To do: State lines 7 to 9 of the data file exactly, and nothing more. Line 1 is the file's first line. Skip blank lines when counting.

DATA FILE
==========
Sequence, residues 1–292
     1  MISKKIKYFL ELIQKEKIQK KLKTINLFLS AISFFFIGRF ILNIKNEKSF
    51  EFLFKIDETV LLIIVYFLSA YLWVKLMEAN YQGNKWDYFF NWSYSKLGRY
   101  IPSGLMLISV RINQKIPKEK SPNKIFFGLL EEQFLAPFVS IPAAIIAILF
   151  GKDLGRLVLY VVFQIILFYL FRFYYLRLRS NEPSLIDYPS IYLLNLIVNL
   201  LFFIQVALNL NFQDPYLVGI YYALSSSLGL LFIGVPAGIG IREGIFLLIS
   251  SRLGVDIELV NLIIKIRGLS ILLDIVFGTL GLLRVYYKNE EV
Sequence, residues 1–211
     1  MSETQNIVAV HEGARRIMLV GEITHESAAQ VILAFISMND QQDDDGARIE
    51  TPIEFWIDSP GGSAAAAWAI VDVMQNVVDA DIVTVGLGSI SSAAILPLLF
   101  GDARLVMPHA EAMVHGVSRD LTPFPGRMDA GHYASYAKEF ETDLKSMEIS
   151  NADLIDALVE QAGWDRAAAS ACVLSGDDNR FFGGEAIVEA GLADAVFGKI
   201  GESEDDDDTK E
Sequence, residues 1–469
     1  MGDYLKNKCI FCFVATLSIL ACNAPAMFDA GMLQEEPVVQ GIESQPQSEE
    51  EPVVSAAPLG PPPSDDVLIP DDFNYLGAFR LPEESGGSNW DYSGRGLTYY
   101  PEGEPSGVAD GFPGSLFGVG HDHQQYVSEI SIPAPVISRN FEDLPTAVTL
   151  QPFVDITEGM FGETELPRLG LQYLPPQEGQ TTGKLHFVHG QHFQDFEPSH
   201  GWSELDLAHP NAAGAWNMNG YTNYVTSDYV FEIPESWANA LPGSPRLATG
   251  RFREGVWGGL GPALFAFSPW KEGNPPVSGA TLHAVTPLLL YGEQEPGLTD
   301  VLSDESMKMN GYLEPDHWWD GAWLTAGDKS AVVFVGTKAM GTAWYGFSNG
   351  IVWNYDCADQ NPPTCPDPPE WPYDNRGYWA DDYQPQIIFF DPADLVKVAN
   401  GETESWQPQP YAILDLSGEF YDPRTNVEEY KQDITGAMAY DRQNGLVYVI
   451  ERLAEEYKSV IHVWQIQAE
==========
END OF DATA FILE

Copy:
   251  SRLGVDIELV NLIIKIRGLS ILLDIVFGTL GLLRVYYKNE EV
Sequence, residues 1–211
     1  MSETQNIVAV HEGARRIMLV GEITHESAAQ VILAFISMND QQDDDGARIE